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Search Results for "Concord"

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Your search for posts with tags containing Concord found 185 posts

New Podcast Interviews

A couple of history conversations I’ve had this fall are available as podcasts for your critical listening.Matt Crawford at the Curious Man’s Podcast and I discussed The Road to Concord. Here’s the Apple link and a direct connection...
From: Boston 1775 on 17 Nov 2019

The Road to Concord Leads on to Townsend

Tomorrow afternoon I’ll speak about The Road to Concord to the Townsend Historical Society.According to Ithamar B. Sawtelle’s History of the Town of Townsend, Middlesex County, Massachusetts (1878), in that town “The alarm to the minute-men...
From: Boston 1775 on 9 Nov 2019

Lexington and Concord: A Case Study in Leadership and Direct Action

The British approach to its American colony in 1775 offers valuable lessons for historians and military professionals in the synthesis between the levels of... The post Lexington and Concord: A Case Study in Leadership and Direct Action appeared first...

Breen on “The Will of the People” in Concord, 30 Oct.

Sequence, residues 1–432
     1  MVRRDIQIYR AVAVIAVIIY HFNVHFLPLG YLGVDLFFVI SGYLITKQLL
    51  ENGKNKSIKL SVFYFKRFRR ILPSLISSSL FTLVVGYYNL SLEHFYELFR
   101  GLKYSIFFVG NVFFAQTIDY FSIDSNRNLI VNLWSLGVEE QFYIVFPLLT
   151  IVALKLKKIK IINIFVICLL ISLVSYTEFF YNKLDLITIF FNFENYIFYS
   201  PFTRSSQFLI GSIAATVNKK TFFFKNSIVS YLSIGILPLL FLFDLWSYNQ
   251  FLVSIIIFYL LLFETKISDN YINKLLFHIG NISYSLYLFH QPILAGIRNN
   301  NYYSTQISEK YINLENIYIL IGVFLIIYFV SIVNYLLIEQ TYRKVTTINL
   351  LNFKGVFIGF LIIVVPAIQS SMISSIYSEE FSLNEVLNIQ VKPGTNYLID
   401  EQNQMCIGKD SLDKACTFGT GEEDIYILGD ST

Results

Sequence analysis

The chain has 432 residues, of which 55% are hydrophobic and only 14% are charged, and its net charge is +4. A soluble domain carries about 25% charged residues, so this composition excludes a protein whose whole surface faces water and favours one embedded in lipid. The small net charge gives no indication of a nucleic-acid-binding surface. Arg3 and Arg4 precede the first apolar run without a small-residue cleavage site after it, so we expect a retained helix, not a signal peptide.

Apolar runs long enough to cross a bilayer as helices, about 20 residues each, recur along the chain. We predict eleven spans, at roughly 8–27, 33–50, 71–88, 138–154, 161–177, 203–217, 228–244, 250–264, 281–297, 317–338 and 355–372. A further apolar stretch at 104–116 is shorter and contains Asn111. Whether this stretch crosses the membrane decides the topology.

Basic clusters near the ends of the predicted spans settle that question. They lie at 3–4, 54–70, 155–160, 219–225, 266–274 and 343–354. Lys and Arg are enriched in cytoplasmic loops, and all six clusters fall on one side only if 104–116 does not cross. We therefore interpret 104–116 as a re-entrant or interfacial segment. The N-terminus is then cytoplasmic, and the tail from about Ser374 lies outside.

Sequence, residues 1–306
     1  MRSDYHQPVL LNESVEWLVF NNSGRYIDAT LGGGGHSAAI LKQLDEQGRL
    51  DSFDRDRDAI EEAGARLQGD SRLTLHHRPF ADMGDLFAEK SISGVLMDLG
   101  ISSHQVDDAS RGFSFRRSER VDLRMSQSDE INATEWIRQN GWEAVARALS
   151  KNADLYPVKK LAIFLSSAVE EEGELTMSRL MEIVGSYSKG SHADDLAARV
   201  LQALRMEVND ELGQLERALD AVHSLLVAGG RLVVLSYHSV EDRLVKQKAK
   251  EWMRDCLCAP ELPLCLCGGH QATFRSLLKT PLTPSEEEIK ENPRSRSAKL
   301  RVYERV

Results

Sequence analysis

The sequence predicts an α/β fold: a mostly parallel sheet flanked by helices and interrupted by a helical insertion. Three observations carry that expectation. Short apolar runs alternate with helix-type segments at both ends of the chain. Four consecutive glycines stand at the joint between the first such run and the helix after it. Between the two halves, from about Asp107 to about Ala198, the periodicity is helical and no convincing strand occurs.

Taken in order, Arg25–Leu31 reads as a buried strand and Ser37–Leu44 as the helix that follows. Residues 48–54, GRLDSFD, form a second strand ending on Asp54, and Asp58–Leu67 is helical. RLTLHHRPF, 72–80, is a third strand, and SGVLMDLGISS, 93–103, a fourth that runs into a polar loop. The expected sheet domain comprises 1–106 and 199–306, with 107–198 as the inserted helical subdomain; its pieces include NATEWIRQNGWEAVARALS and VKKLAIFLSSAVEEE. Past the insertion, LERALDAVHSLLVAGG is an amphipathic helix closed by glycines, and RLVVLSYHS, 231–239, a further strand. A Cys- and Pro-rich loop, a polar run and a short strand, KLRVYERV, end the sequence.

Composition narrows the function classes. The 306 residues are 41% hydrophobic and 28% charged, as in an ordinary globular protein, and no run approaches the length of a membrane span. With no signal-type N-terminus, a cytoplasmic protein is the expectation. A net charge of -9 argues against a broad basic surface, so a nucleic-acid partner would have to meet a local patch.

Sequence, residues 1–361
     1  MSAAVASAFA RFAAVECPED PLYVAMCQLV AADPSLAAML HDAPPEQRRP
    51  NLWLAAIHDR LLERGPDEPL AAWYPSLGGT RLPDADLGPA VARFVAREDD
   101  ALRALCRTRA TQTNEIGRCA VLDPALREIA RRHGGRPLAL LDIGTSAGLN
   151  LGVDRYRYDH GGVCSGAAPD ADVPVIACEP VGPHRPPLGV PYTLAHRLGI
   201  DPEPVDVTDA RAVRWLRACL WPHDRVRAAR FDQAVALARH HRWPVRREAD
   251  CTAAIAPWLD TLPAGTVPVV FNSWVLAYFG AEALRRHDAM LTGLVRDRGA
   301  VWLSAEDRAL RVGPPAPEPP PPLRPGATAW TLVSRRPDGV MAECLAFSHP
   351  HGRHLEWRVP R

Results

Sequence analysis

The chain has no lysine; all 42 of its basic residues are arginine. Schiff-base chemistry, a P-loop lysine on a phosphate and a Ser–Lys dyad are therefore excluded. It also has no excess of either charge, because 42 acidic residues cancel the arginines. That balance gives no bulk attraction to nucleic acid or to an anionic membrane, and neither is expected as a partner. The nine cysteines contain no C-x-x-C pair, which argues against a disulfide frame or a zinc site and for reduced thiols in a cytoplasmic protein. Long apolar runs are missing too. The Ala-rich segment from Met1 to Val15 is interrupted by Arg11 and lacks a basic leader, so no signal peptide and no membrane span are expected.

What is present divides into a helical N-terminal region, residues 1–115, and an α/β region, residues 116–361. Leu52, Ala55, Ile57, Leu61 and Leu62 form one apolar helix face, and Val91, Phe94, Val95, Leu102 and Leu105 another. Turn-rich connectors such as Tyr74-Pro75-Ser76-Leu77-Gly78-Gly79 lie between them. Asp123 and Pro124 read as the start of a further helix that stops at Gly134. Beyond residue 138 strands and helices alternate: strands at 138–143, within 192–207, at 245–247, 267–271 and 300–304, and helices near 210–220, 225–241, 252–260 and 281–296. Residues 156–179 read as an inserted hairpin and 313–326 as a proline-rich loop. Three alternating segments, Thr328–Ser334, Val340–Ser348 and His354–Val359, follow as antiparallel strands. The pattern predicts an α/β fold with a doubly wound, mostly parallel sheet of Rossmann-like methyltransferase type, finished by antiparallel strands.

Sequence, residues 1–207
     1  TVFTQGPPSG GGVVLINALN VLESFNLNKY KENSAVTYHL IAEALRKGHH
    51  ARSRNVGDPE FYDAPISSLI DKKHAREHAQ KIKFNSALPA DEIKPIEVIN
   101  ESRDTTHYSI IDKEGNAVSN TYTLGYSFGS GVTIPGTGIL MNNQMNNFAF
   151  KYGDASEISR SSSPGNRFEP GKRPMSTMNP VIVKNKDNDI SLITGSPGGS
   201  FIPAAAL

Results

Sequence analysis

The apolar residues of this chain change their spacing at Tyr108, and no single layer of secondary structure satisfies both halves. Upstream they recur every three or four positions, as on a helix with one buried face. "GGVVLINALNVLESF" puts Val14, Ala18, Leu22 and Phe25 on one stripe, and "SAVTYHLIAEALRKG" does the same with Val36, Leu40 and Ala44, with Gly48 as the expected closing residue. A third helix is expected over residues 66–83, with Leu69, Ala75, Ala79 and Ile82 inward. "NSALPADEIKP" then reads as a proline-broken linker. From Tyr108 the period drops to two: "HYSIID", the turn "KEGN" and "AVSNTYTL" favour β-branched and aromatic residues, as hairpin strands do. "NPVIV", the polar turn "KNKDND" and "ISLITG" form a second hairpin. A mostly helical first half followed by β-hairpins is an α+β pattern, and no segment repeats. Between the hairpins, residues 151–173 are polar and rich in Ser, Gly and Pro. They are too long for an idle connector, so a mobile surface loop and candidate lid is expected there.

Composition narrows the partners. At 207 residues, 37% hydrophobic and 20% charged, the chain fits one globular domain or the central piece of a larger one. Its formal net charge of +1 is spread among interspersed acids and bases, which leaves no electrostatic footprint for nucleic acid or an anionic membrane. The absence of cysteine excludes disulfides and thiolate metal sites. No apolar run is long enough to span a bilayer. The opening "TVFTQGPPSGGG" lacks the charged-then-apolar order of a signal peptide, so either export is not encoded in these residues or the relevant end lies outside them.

On Wednesday, 30 October, the Concord Museum will host T. H. Breen speaking on the topic of his latest book, The Will of the People. Here’s an extract from the book at LitHub:During the course of this evolving political crisis, a colonial rebellion...
From: Boston 1775 on 26 Oct 2019

Stiefel on Cabinetmaker John Head in Concord, 19 Sept.

On Thursday, 19 September, the Concord Museum will host a discussion with Jay Robert Stiefel about “The Cabinetmaker’s Account,” on the life and work of joiner John Head (1688-1754). Head emigrated from Britain to America, and his Philadelphia...
From: Boston 1775 on 15 Sep 2019

Minute Man Park Celebrates Its Sixtieth

Minute Man National Historical Park is celebrating the sixtieth year since its creation by act of Congress this month.This weekend there are a couple of recurring programs.Saturday, 14 September, 1:00-4:00 P.M.In the NewsWhat were local people talking...
From: Boston 1775 on 14 Sep 2019

”A Procession that extended near a Mile and a half”

On rereading the Boston Gazette’s description of the Sons of Liberty 14 Aug 1769 dinner this year, I was struck by the detail that three times the men punctuated their toasts with “A Discharge of Cannon.” Perhaps only one cannon, but...
From: Boston 1775 on 17 Aug 2019

This Week on Dispatches: Rick Atkinson on The British Are Coming

On this week’s Dispatches host Brady Crytzer interviews Pulitzer-prize winning author Rick Atkinson about his latest book, the best-selling The British are Coming: The War... The post This Week on Dispatches: Rick Atkinson on <i>The British...

When the “Powder Alarm” Came to Shrewsbury

Here’s a link to something else I didn’t realize was on the web: video of my Road to Concord presentation in Shrewsbury in January 2018. Chapter 2 of the book begins in that town:While Gen. Gage was arranging to remove the gunpowder from Charlestown,...
From: Boston 1775 on 11 Aug 2019

Dr. Ezekiel Brown in the Concord Jail